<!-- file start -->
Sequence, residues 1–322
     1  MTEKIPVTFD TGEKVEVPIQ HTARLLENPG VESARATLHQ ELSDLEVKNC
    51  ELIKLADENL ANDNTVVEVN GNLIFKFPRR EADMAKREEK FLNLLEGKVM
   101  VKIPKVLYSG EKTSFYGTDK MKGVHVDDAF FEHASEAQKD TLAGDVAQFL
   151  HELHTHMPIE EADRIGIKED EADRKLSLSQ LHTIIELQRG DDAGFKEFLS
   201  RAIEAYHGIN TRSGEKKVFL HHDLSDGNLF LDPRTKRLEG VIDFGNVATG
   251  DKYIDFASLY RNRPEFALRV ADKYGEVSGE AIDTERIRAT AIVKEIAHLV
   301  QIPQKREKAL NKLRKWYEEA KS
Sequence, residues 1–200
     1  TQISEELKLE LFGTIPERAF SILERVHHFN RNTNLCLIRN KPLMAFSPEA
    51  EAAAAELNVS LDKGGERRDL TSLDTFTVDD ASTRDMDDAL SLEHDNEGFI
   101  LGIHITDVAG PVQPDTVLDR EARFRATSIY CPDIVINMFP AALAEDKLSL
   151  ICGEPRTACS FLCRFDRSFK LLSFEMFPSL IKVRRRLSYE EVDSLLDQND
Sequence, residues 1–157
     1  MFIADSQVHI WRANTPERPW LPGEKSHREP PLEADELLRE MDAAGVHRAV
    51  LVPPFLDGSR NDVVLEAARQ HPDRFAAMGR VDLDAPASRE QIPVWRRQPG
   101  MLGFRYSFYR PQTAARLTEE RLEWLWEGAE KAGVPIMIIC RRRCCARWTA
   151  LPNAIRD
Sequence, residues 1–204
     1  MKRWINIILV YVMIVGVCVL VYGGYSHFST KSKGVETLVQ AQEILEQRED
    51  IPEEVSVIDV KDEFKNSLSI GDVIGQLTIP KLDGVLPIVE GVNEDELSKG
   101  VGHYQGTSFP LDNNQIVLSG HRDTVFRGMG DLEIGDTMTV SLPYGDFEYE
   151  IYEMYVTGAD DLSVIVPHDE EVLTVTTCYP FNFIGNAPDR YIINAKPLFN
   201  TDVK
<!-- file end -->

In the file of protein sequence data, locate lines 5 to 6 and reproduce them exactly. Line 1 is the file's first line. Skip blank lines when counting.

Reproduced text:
   151  HELHTHMPIE EADRIGIKED EADRKLSLSQ LHTIIELQRG DDAGFKEFLS
   201  RAIEAYHGIN TRSGEKKVFL HHDLSDGNLF LDPRTKRLEG VIDFGNVATG